|The National Park Service invited the Muscogee Creek Nation of Oklahoma to Alabama to commemorate the 1814 Battle of Horseshoe Bend:
The Battle of Horseshoe Bend was the culmination of a conflict between the Creek Confederacy and the United States. It saw the largest loss of Native American life in one battle in American history. In the treaty that followed, the Creeks ceded more than half their land, creating what is now the southern portion of the state of Georgia and resulting in the formation of the state of Alabama. The American victory at Horseshoe Bend also propelled Andrew Jackson into the national spotlight and almost a decade later to the presidency.
A one-lane road leads visitors in a loop through Horseshoe Bend National Military Park. The road curves along the river; on the other side is a slope crowded in pine trees. The battle gets its name from a sharp turn in the Tallapoosa River, where a piece of land protrudes like a thumb into the river. The land around the river was the heart of Creek territory, but by 1811, white settlers had begun moving onto the frontier, and the Creek Nation was divided over how to react to American settlements.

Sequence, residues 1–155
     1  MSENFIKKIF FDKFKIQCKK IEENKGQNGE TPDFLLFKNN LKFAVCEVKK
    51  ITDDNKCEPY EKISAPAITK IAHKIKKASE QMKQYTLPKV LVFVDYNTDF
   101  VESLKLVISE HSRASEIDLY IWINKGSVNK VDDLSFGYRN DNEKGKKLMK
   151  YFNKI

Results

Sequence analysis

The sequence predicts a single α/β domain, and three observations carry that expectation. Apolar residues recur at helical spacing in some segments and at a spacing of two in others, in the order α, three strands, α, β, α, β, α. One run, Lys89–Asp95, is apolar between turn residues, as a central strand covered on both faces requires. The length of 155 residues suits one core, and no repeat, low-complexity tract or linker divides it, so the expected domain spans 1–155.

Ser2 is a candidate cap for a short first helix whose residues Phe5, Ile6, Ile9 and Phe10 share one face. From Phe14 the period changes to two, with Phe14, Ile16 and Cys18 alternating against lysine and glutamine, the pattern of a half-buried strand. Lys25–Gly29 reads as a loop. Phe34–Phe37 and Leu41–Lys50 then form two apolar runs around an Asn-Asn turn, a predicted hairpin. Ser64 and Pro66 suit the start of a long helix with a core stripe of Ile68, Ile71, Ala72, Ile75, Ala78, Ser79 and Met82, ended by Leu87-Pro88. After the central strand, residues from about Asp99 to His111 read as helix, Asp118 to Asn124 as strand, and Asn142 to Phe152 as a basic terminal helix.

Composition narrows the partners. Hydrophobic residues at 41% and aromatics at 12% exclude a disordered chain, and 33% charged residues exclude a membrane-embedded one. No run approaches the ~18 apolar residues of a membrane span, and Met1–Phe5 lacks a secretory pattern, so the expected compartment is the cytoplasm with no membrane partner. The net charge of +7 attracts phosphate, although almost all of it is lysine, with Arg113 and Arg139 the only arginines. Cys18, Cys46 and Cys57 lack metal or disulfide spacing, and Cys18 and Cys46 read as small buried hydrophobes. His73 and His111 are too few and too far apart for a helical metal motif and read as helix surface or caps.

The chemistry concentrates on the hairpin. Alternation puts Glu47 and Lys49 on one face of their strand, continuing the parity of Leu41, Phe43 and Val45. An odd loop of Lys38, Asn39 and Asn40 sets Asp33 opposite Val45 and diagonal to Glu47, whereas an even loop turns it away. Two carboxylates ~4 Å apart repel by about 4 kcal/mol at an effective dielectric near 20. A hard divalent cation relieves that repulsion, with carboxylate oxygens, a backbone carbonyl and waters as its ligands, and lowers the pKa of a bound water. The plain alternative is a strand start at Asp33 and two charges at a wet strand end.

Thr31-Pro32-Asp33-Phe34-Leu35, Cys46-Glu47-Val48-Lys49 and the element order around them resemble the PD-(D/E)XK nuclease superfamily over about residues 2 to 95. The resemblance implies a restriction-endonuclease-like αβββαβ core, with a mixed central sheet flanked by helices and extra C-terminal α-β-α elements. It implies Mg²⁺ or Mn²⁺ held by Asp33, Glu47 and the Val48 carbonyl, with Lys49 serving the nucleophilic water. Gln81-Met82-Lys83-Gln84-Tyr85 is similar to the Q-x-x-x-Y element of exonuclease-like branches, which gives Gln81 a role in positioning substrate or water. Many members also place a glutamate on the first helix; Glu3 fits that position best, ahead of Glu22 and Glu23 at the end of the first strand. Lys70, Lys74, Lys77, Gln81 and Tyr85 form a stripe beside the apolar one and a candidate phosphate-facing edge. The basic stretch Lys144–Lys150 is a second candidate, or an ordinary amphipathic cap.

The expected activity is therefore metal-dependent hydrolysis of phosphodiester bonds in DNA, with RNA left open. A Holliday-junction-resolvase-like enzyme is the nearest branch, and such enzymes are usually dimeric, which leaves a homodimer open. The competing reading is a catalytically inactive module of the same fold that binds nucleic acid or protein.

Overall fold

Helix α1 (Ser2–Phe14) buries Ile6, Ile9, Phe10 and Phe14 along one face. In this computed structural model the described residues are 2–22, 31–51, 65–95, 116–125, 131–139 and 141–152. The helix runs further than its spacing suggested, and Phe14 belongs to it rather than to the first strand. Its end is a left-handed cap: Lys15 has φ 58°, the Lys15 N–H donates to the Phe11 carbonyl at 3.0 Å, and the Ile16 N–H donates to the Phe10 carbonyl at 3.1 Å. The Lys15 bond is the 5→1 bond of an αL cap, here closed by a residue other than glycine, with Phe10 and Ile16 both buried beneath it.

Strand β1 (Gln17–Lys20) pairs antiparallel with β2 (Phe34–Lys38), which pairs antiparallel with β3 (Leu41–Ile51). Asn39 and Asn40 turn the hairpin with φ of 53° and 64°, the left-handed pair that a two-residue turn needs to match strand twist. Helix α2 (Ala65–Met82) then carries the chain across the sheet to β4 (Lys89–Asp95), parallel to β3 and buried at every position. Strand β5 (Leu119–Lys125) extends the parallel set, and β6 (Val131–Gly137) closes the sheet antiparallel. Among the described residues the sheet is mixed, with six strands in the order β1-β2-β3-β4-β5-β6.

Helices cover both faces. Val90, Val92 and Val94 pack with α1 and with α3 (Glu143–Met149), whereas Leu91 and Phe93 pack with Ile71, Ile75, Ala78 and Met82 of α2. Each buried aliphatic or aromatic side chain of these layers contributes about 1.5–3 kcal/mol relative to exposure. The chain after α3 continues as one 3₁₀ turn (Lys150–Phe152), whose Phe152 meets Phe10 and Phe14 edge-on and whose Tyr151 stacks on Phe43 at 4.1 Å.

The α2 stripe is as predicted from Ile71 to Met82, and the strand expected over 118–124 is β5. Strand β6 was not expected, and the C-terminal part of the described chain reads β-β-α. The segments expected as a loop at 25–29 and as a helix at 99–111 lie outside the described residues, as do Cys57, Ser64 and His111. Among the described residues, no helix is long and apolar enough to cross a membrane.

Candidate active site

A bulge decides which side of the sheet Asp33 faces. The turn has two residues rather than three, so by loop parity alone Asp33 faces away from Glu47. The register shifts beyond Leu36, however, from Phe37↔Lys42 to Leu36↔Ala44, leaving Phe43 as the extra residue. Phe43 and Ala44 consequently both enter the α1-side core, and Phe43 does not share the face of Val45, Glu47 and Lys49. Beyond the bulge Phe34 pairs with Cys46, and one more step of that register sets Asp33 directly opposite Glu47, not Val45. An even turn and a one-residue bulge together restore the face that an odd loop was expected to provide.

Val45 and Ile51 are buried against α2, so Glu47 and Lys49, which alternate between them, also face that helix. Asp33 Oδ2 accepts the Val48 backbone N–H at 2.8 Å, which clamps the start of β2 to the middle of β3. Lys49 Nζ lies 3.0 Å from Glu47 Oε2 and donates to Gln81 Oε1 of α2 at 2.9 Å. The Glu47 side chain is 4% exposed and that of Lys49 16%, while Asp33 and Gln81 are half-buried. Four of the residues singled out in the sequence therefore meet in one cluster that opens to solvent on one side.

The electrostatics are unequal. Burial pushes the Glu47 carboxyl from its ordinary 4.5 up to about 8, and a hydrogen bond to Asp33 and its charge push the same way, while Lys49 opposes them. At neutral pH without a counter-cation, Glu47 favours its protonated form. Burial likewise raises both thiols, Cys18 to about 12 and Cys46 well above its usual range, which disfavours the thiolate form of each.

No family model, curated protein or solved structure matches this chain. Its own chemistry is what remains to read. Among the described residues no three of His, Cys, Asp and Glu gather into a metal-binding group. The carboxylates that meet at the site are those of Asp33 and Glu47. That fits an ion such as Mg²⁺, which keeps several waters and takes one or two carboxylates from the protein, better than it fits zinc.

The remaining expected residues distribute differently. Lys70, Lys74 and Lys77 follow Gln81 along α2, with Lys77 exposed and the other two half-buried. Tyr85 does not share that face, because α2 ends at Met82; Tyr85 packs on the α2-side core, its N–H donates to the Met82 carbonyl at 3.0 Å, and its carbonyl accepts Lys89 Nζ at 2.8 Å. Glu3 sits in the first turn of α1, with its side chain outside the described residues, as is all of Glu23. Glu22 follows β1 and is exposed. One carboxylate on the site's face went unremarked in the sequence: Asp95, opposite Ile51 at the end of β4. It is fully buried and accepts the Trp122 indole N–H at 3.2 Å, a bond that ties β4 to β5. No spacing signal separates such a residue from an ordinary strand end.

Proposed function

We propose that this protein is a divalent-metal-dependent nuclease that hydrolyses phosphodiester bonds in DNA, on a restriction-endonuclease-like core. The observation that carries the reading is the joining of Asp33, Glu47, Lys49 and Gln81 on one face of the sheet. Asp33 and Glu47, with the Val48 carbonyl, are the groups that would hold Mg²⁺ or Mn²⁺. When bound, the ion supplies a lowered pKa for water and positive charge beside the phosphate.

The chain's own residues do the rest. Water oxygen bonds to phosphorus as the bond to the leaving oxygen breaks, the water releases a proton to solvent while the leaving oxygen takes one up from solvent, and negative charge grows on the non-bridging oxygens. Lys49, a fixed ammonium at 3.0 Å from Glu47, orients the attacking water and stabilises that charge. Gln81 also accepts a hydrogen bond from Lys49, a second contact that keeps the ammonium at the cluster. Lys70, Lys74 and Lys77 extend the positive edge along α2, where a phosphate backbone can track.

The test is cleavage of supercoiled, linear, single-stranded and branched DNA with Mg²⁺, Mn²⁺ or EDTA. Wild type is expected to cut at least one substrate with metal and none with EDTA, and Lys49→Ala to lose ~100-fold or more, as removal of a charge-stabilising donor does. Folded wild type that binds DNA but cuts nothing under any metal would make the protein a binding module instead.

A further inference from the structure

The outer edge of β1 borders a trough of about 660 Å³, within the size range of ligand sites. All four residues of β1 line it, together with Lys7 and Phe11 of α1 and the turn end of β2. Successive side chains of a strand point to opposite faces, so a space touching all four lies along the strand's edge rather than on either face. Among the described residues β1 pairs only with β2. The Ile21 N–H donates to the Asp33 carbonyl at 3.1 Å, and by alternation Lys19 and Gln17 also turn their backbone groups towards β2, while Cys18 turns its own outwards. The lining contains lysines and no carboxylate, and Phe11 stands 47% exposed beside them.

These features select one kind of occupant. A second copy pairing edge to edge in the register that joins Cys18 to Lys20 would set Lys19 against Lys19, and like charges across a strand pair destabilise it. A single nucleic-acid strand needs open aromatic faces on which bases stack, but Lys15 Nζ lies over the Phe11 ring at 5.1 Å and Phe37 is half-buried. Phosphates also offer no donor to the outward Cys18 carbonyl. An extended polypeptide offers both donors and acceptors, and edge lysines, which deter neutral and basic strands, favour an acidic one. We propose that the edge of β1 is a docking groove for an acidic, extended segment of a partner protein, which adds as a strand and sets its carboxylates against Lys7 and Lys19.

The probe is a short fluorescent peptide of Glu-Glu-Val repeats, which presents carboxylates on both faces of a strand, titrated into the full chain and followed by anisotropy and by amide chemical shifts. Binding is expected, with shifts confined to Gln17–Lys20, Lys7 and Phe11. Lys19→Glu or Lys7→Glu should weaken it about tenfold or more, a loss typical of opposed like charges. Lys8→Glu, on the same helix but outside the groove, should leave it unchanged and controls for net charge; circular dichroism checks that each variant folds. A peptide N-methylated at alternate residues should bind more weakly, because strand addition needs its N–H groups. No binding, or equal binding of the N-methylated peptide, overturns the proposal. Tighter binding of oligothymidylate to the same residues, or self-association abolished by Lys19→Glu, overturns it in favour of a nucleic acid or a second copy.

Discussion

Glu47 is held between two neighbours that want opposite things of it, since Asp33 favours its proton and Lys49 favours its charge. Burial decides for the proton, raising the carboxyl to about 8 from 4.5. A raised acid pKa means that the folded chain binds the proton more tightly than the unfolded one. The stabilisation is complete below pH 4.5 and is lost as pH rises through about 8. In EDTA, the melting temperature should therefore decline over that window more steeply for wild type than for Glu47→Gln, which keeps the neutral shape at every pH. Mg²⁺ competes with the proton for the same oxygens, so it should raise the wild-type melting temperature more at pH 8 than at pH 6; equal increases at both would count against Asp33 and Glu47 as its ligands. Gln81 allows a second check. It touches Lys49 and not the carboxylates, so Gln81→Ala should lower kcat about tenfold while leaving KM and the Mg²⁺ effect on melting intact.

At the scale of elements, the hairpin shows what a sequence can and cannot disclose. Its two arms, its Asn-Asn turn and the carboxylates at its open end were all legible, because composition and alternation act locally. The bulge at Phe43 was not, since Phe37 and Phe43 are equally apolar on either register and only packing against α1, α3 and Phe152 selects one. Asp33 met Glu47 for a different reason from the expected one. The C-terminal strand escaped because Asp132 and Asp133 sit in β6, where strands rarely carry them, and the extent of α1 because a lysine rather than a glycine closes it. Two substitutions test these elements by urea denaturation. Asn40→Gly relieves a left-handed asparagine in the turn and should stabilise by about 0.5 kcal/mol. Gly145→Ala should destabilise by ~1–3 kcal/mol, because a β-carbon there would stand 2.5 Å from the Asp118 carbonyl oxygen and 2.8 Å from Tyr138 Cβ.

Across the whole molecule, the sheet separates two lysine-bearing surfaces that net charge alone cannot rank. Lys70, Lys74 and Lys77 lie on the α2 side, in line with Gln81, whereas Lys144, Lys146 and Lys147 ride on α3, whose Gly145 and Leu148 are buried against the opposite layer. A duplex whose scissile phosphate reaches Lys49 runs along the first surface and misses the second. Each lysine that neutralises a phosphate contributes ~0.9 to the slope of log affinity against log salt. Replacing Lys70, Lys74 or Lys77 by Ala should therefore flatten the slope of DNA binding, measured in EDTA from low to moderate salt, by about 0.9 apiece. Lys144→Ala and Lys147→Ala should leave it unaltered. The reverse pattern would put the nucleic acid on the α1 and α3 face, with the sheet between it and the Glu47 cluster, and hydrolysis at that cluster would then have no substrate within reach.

“Some [Creeks] thought it was best to wait and see what little they could get,” explains Claudio Saunt, a professor of history at the University of Georgia. These would become known as the Lower Creeks or the White Creeks. “Others thought it was best to fight,” Saunt says of the Red Sticks, or the Upper Creeks, and this schism erupted into the Creek Civil War in 1813.
That summer, a force of 700 Red Sticks attacked Fort Mims, today the sleepy town of Tensaw, in south Alabama, where some 500 members of the militia and settlers were stationed. In the course of a bloody battle, 250 of the settlers, including women and children, and 200 Red Sticks were killed. The attack became known as the Massacre at Fort Mims, which is still how it is referred to in textbooks.
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Bicentennial of Horseshoe Bend brings Muscogee Creeks back to their land
(Al Jazeera 4/1)